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"Clipping, by producing harmonic distortion and/or DC, blows woofers."

The idea behind this that a clipped signal contains a heavy harmonic distortion component which can be damaging to voice coils. The problem with this idea is that it's wrong. The harmonic content of the clipped signal is not the culprit at all (the inductance of the woofer pretty much kills any high frequency energy).
DC (direct current) is not to blame either. Modern amplifiers do not produce significant DC when clipped. Even the cheesiest amplifiers to be found at the flea market will not produce a lot of DC.
You may think you can prove this wrong by connecting a multimeter set to DC voltage mode to an amplifier's outputs and measuring "DC voltage" of some value, but the only thing you've proved is that music signals and output stages are not always symmetrical and these asymmetries are misread by the meter as a fluctuating DC value. You're not actually reading DC.
The real villan is dynamic range compression, which refers to an increase in the amount of average energy vs. peak energyof the amplifier's output. signal when it is overdriven (clipped).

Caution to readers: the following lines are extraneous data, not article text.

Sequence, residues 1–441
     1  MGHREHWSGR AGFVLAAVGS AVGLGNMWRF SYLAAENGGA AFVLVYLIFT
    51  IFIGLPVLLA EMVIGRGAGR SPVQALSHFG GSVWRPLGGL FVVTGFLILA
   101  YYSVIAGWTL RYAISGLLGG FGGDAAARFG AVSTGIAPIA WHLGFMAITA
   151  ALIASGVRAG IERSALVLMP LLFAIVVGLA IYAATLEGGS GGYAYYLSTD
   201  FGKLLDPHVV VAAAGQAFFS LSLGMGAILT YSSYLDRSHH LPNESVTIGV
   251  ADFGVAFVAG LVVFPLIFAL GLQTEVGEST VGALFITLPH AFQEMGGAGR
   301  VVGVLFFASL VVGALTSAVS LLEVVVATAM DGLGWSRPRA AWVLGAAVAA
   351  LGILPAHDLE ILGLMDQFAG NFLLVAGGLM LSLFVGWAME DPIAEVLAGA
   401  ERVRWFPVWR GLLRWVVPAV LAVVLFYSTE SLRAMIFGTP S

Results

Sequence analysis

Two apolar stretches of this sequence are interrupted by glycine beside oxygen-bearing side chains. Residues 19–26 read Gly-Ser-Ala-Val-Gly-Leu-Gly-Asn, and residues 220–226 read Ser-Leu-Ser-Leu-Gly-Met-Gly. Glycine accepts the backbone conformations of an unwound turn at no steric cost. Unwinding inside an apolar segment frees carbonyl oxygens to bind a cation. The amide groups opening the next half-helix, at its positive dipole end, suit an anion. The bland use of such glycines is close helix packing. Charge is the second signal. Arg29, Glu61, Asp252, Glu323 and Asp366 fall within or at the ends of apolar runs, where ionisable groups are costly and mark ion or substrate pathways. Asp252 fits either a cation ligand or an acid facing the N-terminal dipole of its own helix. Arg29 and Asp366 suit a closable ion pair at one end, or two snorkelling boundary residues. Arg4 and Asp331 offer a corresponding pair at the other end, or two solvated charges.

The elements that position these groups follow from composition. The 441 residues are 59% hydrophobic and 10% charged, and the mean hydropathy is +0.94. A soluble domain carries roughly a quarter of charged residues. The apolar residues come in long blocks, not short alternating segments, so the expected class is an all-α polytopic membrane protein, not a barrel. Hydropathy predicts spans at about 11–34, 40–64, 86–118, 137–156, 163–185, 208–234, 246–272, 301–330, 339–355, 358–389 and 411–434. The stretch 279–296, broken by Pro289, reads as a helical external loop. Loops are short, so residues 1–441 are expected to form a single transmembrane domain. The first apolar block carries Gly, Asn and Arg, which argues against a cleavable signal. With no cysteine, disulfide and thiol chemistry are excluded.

When an amplifier clips, the short-duration peaks of the music are "chopped off", but the average level of the signal is allowed to run higher than it would if the amplifier was not clipping. The short duration peaks don't last long enough to worry about in most cases, but the increase in average energy can heat up a voice coil very quickly and are the direct cause of burnt voice coils. A amplifier driven into severe clipping will produce average energy like an amp twice it's rating (a 250 Watt amp like a 500 Watt amp). It's not the clipping that is blowing speakers, it's the old story of too much power.






If you look at the above graph imagine the top and bottom lines represent the maximum output of the amp. Note how long the unclipped sinwave spends on the maximum line. The clipped sinewave spends alot more time along that maximum line. There is a lot more average energy being produced on the right.
 

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Apply a LF square wave to a speaker and watch what happens. Not disagreeing with the analysis, but clipping produces long duty cycle signals. Long duty cycle signals tend to burn up coils of all kinds (even the VSVs in your engine compartment need to be sized to deal with long duty cycle square waves). The graph you tried to link would show this.

I totally agree harmonic distortion doesn't kill speakers. If it did, the stereos of the 50's, 60's, and 70's would have never worked. They had horrible distortion by today's standards.
 
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